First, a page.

Sheila Heti

Why does Wall Street appear so rarely in fiction? John Lanchester claims it’s because explaining the intricacies of high finance would bog down good storytelling. Explanation, he says, is “fine in small doses, as a dollop of rationale before the main course of drama, but anything longer and the reader wakes hours later to the familiar clanking noise of the milkman delivering bottles to the front door.”

Salman Rushdie will chair this year’s PEN World Voices Festival, and participants will include Martin Amis, Colson Whitehead, and Marjane Satrapi. We were thrilled to see that Elevator Repair Service, the Downtown theater group who brought us the brilliant staging of The Great Gatsby, will be performing.

The eighteen-room, Greek revival home in Brooklyn where Truman Capote wrote Breakfast at Tiffany’s just sold for $12 million—$6 million below the initial asking price.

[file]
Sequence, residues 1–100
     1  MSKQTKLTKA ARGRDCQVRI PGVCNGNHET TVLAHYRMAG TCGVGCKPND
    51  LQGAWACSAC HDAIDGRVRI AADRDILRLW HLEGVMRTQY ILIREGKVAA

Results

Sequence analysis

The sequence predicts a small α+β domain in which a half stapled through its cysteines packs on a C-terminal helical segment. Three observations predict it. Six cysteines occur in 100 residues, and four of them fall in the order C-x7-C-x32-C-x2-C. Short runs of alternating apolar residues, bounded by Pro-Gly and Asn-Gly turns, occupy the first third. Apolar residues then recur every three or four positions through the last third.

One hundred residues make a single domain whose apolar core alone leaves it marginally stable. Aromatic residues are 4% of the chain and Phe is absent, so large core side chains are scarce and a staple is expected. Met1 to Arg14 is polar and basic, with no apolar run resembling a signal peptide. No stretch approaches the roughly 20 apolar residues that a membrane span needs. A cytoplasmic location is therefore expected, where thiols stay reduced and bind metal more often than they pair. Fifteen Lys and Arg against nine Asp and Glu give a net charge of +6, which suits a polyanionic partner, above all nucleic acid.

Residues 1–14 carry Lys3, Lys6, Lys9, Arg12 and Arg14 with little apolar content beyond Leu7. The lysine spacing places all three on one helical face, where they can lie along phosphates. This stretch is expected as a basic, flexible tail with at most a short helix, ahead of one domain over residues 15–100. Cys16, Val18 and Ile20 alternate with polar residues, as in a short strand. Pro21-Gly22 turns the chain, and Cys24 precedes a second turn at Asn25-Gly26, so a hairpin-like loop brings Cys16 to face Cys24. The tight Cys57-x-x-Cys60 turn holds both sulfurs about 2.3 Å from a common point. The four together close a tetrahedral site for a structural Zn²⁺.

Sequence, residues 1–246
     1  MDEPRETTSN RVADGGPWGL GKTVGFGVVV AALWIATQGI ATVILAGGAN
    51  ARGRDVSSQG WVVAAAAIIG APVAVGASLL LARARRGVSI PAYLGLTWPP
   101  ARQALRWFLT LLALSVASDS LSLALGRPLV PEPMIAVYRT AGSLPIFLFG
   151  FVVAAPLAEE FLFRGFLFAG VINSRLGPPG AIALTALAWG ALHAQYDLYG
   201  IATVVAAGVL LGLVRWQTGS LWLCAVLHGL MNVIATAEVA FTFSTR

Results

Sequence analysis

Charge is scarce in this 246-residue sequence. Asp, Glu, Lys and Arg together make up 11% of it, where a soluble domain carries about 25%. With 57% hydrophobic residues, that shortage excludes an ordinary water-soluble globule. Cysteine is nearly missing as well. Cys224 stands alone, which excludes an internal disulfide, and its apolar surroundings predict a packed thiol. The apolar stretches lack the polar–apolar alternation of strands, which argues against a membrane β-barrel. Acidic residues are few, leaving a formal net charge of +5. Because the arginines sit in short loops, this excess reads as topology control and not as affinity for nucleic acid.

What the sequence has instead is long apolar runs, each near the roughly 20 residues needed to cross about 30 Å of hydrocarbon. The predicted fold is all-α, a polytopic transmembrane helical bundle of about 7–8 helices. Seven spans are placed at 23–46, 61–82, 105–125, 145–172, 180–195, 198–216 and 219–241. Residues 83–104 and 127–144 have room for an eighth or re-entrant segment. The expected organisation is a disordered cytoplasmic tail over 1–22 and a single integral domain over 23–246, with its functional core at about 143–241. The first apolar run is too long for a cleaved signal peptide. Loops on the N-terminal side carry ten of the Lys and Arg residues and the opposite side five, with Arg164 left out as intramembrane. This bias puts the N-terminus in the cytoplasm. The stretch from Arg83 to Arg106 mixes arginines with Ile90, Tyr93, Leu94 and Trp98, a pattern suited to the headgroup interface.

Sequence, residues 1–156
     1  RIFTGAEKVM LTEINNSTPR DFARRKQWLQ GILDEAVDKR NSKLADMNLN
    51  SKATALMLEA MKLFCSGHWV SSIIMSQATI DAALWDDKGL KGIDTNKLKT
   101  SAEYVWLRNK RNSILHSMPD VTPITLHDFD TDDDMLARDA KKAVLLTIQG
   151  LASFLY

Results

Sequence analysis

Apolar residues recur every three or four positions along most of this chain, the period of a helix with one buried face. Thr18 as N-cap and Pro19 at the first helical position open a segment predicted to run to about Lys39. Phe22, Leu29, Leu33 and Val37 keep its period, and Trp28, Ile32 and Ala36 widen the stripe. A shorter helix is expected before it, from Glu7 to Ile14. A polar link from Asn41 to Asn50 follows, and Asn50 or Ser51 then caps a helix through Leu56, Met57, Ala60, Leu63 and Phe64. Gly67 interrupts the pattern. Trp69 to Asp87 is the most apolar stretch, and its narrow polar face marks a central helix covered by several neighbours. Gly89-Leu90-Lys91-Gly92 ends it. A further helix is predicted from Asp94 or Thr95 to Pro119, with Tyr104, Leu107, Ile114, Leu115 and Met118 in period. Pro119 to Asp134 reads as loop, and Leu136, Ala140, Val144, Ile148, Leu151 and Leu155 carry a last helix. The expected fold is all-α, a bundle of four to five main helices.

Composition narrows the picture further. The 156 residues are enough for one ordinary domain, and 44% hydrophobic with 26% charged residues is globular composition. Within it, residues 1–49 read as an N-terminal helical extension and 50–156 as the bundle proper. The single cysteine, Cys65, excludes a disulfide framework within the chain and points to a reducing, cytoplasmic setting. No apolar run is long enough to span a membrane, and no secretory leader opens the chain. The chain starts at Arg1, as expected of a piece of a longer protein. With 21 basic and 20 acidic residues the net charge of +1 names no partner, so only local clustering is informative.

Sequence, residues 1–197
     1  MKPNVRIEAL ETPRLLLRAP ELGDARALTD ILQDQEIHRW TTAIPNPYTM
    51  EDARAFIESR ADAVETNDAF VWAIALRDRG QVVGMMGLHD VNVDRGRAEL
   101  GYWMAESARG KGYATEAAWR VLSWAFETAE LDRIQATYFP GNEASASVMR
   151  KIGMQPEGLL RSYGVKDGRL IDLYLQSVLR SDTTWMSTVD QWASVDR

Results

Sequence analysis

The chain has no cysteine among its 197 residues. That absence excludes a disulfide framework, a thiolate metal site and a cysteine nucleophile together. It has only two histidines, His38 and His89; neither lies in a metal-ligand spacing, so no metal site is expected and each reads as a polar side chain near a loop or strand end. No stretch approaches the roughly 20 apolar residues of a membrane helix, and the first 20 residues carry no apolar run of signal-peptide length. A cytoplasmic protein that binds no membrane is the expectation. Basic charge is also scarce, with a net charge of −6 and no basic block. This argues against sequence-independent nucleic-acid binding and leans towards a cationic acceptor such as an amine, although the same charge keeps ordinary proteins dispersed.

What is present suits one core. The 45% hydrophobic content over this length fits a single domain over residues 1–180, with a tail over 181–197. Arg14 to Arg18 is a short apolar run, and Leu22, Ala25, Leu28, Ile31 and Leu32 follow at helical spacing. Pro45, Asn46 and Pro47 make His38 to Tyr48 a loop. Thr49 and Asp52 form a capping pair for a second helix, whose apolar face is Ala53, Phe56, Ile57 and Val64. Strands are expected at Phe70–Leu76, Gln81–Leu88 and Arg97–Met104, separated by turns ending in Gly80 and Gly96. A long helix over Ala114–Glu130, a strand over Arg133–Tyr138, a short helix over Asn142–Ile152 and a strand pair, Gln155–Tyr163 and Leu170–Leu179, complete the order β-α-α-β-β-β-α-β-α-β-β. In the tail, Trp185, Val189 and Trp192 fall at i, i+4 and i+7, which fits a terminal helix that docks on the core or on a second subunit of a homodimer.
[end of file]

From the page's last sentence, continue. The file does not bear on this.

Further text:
Marilyn Monroe may be dead, but that didn’t stop The Believer’s Sheila Heti from interviewing her.

At the AWP convention in Chicago last weekend, we saw great events (Eileen Myles and Monica Youn) and lots of new books (finished copies of Edouard Leve’s Autoportrait), but nothing surprised us quite as much as seeing—and touching—Edward Gorey’s fur coat, which the writer notoriously wore to the New York Ballet (with Converse). The writer A. N. Devers, who now owns the coat, would even let you try it on.

The American Scholar explains how F. Scott Fitzgerald’s The Crack-Up anticipated the rise of autobiographical essay writing in America.

In case you missed it, Slate’s monthly book review launched last weekend, and it’s pretty awesome.

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